Another change we’re really happy about is the MacBook Pro’s new keyboard, which finally ditches the highly polarizing Touch Bar in favor of a row of physical function keys for easily doing things like adjusting brightness, volume and media playback on the fly. The keyboard also has an attractive new black-on-black look, but is otherwise the same Magic Keyboard we’ve loved using on last year’s models. If you’ve been waiting for Apple to drop the Touch Bar, these are the MacBooks for you.
The new MacBook Pro models make some notable upgrades to the display, which now features mini LED technology for better brightness and contrast. We were really impressed by the improved brightness and color made possible by the latest iPad Pro’s Mini LED display, so we’re eager to see how it improves the viewing experience on Mac. Both new models also have slightly larger displays than previous generations, with slightly thinner bezels. The one catch is that the MacBook Pro now has a camera notch, though we think that’s a reasonable trade-off in the name of more screen space for work and play.
Speaking of the camera, the new Pros now have 1080p FaceTime cameras, which are sharper than the 720p webcams in current MacBooks. That should combine with some powerful processing smarts on the M1 Pro and Max chips to make you look especially clear and accurate on video calls, though we’ll have to see how this compares to the already-solid cameras on last year’s models. Apple also says you’ll get better sound than ever, with a six-speaker sound system built to deliver up to 80 percent more bass and a built-in microphone designed to pick up less background noise.
You should skip the new MacBook Pros if…
The new M1 Pro and M1 Max processors found in the latest MacBook Pros look to eclipse even last year’s beastly M1 MacBooks. But unless you’re a creative professional that needs the absolute best, we think that most folks that own an M1 MacBook (or even the 24-inch iMac) will be just fine with what they have for a while.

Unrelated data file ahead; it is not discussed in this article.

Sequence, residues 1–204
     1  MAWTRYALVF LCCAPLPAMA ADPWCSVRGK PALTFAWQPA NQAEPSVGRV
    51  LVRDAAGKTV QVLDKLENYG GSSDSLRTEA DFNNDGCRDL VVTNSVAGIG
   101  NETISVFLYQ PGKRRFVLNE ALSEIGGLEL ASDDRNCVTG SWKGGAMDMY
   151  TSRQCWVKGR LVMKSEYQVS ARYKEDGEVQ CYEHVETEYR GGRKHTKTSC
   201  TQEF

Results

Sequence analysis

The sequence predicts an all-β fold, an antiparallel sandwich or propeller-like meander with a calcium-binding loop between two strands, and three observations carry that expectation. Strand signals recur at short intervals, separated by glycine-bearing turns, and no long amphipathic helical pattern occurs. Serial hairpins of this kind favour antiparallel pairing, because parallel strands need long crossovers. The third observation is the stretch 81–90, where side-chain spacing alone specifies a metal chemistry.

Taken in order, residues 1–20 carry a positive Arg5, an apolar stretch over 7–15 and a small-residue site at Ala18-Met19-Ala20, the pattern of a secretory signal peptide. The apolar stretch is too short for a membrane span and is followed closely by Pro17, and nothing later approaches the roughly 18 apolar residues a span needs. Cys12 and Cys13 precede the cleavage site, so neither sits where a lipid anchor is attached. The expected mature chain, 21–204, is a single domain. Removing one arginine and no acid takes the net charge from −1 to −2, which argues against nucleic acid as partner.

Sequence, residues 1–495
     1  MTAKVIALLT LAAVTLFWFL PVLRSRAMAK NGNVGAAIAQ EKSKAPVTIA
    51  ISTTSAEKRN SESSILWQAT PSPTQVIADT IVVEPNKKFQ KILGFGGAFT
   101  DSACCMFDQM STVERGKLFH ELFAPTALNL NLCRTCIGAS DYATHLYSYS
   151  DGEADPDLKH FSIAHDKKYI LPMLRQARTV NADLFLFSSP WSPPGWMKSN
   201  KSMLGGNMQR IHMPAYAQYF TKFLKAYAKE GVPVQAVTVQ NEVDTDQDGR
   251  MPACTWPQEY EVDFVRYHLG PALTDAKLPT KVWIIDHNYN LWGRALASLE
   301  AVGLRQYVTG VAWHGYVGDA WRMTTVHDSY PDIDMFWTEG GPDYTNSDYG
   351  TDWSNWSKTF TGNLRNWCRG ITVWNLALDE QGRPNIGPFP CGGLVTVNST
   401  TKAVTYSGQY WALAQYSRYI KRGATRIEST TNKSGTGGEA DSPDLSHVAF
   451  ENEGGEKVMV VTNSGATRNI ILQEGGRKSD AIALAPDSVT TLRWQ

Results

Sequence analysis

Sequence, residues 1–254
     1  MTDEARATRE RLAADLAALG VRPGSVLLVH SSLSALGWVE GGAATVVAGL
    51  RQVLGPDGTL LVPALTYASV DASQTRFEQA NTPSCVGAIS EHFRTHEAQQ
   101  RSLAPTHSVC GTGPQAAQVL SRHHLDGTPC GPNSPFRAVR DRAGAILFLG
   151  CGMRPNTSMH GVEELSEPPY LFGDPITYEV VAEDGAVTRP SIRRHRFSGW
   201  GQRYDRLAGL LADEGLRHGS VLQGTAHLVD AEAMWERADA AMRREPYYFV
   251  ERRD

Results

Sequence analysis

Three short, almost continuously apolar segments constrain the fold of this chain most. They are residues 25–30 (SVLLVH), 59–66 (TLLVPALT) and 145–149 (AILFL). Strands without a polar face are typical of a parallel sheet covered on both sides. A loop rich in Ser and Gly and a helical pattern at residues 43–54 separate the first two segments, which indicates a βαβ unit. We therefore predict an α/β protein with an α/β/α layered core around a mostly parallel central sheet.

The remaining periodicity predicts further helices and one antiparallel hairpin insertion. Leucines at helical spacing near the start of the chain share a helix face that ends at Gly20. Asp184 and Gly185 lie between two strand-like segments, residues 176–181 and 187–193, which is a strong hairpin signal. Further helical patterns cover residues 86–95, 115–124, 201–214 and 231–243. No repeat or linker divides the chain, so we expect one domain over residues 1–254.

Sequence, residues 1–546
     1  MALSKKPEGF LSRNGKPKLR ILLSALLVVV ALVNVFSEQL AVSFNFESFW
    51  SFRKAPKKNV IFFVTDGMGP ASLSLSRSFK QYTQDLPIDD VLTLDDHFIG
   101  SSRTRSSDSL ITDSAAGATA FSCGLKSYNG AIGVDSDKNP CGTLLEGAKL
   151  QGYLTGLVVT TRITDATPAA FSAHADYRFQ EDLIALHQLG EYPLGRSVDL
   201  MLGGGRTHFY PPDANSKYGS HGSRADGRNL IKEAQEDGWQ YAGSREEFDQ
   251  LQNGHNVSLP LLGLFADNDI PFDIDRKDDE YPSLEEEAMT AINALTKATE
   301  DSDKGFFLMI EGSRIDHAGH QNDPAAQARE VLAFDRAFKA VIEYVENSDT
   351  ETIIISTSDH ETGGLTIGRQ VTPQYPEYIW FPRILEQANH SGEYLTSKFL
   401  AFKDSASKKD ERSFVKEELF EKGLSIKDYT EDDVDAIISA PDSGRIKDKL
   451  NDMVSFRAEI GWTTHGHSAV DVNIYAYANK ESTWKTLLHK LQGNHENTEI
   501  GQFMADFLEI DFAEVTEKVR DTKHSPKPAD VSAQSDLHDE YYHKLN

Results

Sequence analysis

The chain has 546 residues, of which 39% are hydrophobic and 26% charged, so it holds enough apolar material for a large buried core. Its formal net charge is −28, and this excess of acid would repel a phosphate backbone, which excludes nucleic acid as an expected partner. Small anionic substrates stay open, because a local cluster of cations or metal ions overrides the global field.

The M1-powered MacBook Air and 13-inch MacBook Pro remain some of the absolute best laptops we’ve tested — even the relatively affordable Air was able to juggle up to 14 demanding apps without issue, and could export 4K videos in mere seconds. These laptops still sit on the top of the mountain on many of our benchmark tests, even when put against newer notebooks like the Surface Laptop Studio and Dell XPS 13 OLED. The M1 Pro and M1 Max chips look like they’ll benefit those doing heavy duty work (such as 3D rendering and advanced coding) the most — everyone else will still get lots of great mileage from their current M1 MacBook for years to come.
You’re on a tight budget (or want the most travel-friendly Mac)
While this shouldn’t come as a shock, the sheer power of the 14-inch and 16-inch MacBook Pro doesn’t come cheap. These laptops start at $1,999 and $2,499 respectively, and that’s before you make any upgrades. Want the better performance of the M1 Max chip? That’ll be an extra $500. Need more memory? Get ready to pay up to $800 extra for added RAM. If you decide to trick out your MacBook Pro with more processing power, storage and memory, you could be looking at a $6,000 or so purchase.
Of course, the previous-gen MacBooks can still get pricey if you kit them out, but they start at much more attainable prices. The MacBook Air still goes for $999 — complete with that excellent performance we outlined above — and the 13-inch MacBook Pro isn’t much more at $1,299.
It’s also worth noting that the less-beastly MacBooks are also a bit more portable, weighing up to two pounds less with thinner designs than the new Pros. So if you just need something great for video editing or photoshop and aren’t trying to render a massive 3D world, the standard M1 models are still a great purchase that won’t run you a few thousand bucks.